Special Counsel Robert Mueller‘s office submitted a filing in Washington, D.C. federal court on Monday ahead of Paul Manafort‘s sentencing for his money laundering case. Manafort pleaded guilty in D.C. after a jury found him guilty in a related case in the Eastern District of Virginia (EDVA). It seems pretty clear Mueller wants the former Trump campaign chair to face a tougher punishment than he just received in the EDVA case.
In an “I’m-just-gonna-leave-this-here” move, Mueller’s prosecutors Andrew Weissmann, Jeannie Rhee, and Greg Andres filed a one-paragraph status report with D.C. District Judge Amy Berman Jackson, saying:
The United States of America, by and through Special Counsel Robert S. Mueller, III, files this status report to apprise the Court of a recent development in United States v. Paul J. Manafort, Jr., No. 1:18-cr-83 (E.D. Va.) that is pertinent to this Court’s upcoming sentencing decision. Attached to this status report as Exhibit A is the transcript from the sentencing hearing on March 7, 2019.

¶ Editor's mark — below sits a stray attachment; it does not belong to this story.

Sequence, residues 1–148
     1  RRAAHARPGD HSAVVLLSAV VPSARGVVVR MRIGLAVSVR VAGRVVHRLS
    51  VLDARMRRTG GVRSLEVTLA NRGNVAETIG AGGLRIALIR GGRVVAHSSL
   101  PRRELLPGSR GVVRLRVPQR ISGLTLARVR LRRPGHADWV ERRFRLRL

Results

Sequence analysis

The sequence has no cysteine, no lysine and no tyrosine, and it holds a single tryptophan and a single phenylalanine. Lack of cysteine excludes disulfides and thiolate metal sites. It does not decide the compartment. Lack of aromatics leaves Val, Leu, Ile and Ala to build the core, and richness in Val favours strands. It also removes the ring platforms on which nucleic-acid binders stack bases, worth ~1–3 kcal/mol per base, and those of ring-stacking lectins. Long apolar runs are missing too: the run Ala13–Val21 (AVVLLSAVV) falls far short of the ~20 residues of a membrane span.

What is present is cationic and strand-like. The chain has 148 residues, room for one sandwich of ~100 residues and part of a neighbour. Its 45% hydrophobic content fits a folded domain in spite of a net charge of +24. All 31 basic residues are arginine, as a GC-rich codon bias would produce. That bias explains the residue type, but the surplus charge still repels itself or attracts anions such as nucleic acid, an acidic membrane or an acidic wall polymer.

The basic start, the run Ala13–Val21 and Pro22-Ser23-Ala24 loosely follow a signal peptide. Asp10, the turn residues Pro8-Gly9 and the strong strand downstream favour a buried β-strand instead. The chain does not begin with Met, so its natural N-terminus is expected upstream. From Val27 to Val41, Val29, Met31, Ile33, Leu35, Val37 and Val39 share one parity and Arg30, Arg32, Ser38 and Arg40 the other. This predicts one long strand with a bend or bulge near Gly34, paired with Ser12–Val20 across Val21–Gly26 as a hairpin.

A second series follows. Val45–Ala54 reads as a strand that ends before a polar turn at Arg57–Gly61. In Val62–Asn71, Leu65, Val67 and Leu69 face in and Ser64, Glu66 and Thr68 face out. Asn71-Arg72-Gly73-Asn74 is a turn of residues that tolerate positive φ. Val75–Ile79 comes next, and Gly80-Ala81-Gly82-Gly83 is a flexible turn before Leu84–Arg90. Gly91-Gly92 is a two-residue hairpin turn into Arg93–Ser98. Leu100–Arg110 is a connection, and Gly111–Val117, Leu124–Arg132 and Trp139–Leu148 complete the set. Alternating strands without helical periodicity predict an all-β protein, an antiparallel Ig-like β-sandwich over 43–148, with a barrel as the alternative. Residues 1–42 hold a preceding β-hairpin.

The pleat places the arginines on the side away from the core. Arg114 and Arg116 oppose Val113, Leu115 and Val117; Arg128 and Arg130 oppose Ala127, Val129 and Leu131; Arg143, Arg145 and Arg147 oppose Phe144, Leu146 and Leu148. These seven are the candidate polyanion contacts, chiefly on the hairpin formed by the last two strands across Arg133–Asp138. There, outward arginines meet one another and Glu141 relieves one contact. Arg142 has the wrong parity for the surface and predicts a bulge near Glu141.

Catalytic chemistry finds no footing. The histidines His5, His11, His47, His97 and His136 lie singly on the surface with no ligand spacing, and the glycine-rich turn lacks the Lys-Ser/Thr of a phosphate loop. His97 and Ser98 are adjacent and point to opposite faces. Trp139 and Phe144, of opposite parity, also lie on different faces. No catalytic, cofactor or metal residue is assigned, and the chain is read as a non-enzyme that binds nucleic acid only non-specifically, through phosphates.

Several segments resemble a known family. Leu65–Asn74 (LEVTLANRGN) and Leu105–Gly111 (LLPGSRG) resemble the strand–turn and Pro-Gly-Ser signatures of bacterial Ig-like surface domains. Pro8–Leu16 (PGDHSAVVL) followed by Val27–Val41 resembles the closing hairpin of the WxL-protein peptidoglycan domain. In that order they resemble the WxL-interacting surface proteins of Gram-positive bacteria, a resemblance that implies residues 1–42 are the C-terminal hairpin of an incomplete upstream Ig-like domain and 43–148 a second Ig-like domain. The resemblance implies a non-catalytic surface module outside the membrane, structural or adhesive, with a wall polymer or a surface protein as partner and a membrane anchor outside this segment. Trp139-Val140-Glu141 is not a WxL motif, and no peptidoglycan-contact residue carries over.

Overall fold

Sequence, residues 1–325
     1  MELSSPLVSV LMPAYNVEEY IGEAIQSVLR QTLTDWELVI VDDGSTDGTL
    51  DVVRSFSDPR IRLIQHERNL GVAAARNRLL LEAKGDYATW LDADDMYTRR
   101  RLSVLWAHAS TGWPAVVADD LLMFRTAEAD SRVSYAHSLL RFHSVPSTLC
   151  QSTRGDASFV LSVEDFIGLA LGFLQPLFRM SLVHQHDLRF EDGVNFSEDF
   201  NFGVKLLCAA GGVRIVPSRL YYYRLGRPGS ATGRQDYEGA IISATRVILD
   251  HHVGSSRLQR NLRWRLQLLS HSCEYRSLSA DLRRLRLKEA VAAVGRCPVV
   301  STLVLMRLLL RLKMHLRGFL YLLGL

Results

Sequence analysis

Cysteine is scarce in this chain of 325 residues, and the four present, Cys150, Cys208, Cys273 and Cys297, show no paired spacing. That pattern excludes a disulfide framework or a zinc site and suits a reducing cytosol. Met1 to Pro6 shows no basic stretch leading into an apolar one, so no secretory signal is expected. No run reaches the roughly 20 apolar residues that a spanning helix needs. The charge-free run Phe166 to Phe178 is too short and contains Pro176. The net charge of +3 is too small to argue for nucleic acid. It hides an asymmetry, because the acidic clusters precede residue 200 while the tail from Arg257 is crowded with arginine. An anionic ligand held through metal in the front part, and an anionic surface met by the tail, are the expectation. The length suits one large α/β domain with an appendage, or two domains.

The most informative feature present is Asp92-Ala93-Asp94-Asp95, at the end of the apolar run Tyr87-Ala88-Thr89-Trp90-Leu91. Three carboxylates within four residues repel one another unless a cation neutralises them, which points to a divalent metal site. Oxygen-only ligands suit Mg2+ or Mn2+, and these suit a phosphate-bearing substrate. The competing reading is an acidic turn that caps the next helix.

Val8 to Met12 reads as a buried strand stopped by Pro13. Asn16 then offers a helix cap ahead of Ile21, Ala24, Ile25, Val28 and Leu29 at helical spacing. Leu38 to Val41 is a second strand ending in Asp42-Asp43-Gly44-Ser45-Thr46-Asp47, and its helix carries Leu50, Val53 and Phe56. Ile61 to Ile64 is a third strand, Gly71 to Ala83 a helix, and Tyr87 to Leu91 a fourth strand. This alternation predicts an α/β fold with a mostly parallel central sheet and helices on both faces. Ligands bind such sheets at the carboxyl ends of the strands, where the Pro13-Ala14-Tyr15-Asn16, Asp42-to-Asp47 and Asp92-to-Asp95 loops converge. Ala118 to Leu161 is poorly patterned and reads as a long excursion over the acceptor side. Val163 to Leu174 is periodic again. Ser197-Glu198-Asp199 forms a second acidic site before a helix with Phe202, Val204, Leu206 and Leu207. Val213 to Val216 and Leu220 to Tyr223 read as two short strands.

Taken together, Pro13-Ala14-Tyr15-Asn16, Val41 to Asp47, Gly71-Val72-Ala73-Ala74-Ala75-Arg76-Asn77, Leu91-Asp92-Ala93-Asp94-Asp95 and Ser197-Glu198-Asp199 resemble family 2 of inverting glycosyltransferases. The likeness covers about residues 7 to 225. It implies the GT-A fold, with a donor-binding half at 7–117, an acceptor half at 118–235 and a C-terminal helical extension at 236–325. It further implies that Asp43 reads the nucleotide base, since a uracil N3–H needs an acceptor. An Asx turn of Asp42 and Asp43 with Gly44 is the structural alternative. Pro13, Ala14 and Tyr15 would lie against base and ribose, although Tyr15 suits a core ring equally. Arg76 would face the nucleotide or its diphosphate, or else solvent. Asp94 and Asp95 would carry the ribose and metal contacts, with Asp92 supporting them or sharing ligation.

Mueller’s team then attaches the 96-page transcript of Manafort’s sentencing hearing, where Judge T.S. Ellis III went far below the sentencing guidelines, giving Manafort a punishment of just 47 months for his tax and bank fraud case.
The Special Counsel’s Office prosecutors did not provide any argument or request in their filing, simply stating that Manafort’s sentencing in the EDVA case is “pertinent” to Judge Jackson’s sentencing decision, which is expected to be announced on Wednesday.
Manafort faces up to ten years in prison in the D.C. case, for conspiracy against the United States and conspiracy to obstruct justice, in a case where he was accused of laundering money he earned while working in Ukraine, as well as witness tampering.
With the light sentence in the EDVA case, where Manafort had faced up to 24 years and got less than four, Mueller and his team are clearly hoping that Jackson will issue a sentence on the higher end in the D.C. case, or at least make this sentence run consecutive to the sentence in the Virginia case.
[Image via Andrew Burton/Getty Images]
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